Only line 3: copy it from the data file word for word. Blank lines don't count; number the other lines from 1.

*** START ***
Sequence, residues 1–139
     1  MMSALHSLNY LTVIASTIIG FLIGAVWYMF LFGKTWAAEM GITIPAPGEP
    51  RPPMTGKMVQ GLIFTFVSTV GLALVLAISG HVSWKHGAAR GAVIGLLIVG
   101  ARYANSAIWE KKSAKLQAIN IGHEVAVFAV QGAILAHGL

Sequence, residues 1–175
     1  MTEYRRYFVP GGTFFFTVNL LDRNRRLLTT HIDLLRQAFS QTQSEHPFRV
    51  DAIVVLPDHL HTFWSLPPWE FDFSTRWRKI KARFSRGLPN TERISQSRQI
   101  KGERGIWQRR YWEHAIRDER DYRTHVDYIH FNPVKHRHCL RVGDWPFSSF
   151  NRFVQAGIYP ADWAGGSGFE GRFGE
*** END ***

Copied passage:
    51  RPPMTGKMVQ GLIFTFVSTV GLALVLAISG HVSWKHGAAR GAVIGLLIVG